1/48 Tamiya AD-4NA Skyraider

Gallery Article by Vince Pedulla on Apr 14 2014



The Skyraider Part 5 or 6

All my Skyraider models share a few common traits. All of them (except the AD-6 & AD-5W, which were unarmed) have gun barrels & pitot tubes made from hypodermic needles. All were painted with Testor’s Model Master or Tamiya acrylics and weathered with oils. I also used AK Interactive washes to replicate the always present oil and fuel stains on this dirty bird. Aerials were created with EZ Line strands. Beyond that I used a variety of aftermarket parts & decals as described in each model’s individual article.

A word about the Tamiya kit…wonderful! Goes together without any drama and is very nicely detailed straight out of the box. But like any kit…there’s room for improvement! 

One of the markings depicted in the Cutting Edge set was that of a US Navy AD-4NA, which was the night attack version of the Skyraider. It is considerably more colorful than my earlier Marine bird, and a version I wanted to build. The most significant difference between the AD-6 and this plane are the two “car doors” on the sides of the aircraft, which allowed access to the compartment where the radar operators sat. A small air scoop topped the fuselage, used to cool the radar operator’s compartment. This plane had the side speed brakes deleted, armor removed (most of them), and many had flash hiders on the guns. CE used to make a resin fuselage conversion, but I was unsuccessful in finding one. However, I managed to obtain at reasonable cost the Cutting Edge AD-4W Guppy conversion, which had resin car doors and the air scoop. The scoop is not used on the AD-4W and was included because it is on the same sprue as the early weapons mounts needed for the AEW bird. I planned on using the AEW parts on a later conversion.

The AD-4N was the night attack version of the Skyraider. The two "car doors" on the rear fuselage of the aircraft were access for a small two-man compartment which housed the radar operators. However, these particular planes were used in the conventional day attack mission, with all internal radar compartment gear removed. Only the doors remained as a sign of their former use.


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I began again by sanding off the armor plates and rescribing panel lines. I filled the side speed brakes and filled & sanded the panel lines in that area, which are quite different from the AD-6. I puzzled over the car doors and decided to try to cut out the openings on the port side fuselage and use the Cutting Edge resin parts…DISASTER!! The parts fit very poorly, mainly because I had no guide to cut the openings, and quite frankly, looked like crap. I was dejected…until I found a photo etch set from Airwaves which had parts for the car doors depicted in very thin brass. Luckily I had an extra A-1H fuselage, so I took those parts, once again sanding and re-scribing (the right side of the fuse was still untouched). I applied the PE parts, sanding and blending, and got an acceptable look. They stand very slightly proud of the fuselage, but it looked OK to me.

This plane does not show the extensive wear of my other "blue bird", the USMC AD-4, as these carrier based aircraft were much more carefully maintained then their ground based counterparts. I used varying tones of Dark Sea Blue to add depth and interest to an otherwise monotone scheme.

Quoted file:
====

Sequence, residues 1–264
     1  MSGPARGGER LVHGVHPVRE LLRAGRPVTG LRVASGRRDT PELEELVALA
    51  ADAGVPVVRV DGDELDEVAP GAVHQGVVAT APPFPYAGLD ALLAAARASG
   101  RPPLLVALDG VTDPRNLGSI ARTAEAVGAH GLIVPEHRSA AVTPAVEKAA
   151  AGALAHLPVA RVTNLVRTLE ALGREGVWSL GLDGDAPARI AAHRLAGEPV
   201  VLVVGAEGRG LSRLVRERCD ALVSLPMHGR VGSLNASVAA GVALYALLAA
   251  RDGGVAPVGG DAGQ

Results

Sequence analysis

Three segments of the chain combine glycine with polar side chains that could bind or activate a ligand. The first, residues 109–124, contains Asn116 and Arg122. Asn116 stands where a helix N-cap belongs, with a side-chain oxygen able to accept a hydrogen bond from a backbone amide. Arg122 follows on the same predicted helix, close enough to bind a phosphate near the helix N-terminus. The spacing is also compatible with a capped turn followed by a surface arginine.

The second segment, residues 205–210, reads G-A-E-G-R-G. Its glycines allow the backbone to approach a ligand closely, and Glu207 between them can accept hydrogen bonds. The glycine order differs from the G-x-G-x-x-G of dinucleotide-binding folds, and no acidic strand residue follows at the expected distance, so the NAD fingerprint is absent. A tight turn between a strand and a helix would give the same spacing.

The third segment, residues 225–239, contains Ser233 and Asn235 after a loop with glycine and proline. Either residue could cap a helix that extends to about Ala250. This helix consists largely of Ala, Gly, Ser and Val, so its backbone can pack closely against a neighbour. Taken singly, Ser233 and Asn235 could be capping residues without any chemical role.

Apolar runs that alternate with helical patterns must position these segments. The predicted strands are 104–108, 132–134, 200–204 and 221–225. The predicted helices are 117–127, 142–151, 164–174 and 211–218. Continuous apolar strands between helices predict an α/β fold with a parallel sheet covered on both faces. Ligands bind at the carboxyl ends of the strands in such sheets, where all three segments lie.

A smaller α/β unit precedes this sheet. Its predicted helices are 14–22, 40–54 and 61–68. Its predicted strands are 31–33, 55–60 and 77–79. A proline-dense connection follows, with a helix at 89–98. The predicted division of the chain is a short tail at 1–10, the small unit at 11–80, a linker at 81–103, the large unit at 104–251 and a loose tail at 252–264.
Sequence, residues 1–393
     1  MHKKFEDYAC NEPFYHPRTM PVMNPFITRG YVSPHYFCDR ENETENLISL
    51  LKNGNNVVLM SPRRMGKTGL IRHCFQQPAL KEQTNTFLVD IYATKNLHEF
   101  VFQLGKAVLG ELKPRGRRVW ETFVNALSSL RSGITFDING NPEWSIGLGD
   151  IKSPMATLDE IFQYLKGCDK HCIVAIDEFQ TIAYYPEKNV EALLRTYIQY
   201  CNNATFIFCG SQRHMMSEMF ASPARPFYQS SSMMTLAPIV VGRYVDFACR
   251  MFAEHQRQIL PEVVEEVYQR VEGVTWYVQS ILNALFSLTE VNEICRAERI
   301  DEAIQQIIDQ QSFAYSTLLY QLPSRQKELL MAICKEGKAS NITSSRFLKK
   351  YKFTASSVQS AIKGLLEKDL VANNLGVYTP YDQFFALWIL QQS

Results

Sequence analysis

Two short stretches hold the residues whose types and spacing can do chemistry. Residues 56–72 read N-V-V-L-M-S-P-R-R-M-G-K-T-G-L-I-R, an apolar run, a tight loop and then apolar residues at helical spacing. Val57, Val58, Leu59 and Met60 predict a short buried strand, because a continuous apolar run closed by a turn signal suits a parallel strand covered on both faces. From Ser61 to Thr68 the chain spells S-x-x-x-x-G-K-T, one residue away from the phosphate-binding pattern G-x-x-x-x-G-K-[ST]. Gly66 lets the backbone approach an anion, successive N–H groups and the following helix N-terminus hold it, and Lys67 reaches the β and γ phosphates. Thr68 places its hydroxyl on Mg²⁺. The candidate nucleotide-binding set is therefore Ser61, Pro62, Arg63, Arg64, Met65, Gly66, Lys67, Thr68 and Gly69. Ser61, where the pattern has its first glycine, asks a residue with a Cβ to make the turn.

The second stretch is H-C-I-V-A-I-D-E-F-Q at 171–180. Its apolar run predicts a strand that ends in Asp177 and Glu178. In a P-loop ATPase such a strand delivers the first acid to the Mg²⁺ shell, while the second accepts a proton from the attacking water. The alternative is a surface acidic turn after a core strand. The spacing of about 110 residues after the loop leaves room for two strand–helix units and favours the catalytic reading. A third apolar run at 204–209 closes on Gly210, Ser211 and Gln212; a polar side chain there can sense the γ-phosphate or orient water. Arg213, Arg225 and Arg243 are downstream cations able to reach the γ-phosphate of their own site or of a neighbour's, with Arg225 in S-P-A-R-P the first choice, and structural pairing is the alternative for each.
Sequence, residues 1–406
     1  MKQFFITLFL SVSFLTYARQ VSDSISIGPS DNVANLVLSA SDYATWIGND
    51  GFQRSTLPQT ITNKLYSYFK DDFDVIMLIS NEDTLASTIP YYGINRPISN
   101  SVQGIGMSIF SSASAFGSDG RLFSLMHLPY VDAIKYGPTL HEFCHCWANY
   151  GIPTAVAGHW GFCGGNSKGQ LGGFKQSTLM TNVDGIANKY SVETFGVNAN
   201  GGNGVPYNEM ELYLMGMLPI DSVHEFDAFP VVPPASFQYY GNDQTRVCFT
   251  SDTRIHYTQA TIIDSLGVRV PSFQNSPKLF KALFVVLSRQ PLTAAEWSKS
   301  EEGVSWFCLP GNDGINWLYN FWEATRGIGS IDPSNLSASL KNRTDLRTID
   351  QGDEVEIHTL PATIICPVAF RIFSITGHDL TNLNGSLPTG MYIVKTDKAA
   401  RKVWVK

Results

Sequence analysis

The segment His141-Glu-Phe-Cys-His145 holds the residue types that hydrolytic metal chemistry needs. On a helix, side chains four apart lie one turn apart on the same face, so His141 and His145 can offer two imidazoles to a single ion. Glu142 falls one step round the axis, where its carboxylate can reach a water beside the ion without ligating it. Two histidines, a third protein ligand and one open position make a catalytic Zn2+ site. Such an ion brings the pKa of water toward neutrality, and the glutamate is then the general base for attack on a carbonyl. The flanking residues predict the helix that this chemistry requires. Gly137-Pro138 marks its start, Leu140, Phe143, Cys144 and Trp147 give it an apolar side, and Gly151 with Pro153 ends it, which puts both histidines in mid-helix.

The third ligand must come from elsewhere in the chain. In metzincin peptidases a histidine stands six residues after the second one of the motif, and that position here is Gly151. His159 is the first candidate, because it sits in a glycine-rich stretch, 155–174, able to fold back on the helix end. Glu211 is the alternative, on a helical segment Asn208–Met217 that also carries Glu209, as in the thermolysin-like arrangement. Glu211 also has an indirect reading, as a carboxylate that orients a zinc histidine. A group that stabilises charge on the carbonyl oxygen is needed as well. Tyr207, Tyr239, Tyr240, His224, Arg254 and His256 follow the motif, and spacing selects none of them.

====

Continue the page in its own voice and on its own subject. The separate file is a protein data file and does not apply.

I had at some point bought an old resin detail set from KMC, designed to update the Monogram kit, but it had some neat parts, including a very nice early version cockpit. I modified it slightly to fit the Tamiya hull by using the plastic rear cockpit wall. I added a Quickboost canvas cover behind the canopy. The defining features of the AD-4N, the "car doors" and fuselage air scoop, can be seen to great advantage here. Backdating this model requires careful removing of the raised armor panels on the fuselage and bottom wing, rudder beacon, and most antennas. Much else remained the same through the life of the 'Raider. Armament consists of the AWESOME Eduard 500 & 250 lb bomb sets, which include resin, PE and decals. The early version WWII style fuel tanks came from the Verlinden Mustang update set and are actually a mismatched pair, depicting the chaotic supply situation of the Korea War. The Tamiya kit supplied the centerline 1000 lb bomb, with added lead foil straps. I located some brass 20mm gun barrels from RB Models, which are actually for some Japanese plane, but are a close match for the ‘Raider guns with the flash hiders. And I didn’t have to cut any hypo needles! This bird was a carrier based Navy craft, and these were typically better maintained than the Marine ground based Spads during the Korean War. Again I started by base coating in Tamiya primer and pre-shading, and I followed this with a coat of MM Gloss Dark Sea Blue. I post shaded but kept it to a minimum. The CE decals went on fine and were an interesting contrast to the dirtier USMC Sandy I had built earlier. I can’t leave any model too shiny, but used Testors Semi Gloss to add some shine. More exhaust shading followed and my Navy night hunter was complete.

Next up…my most extensive conversion of the Tamiya kit yet…and we will search the skies!

Vince Pedulla

ModelerV Studios

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Photos and text © by Vince Pedulla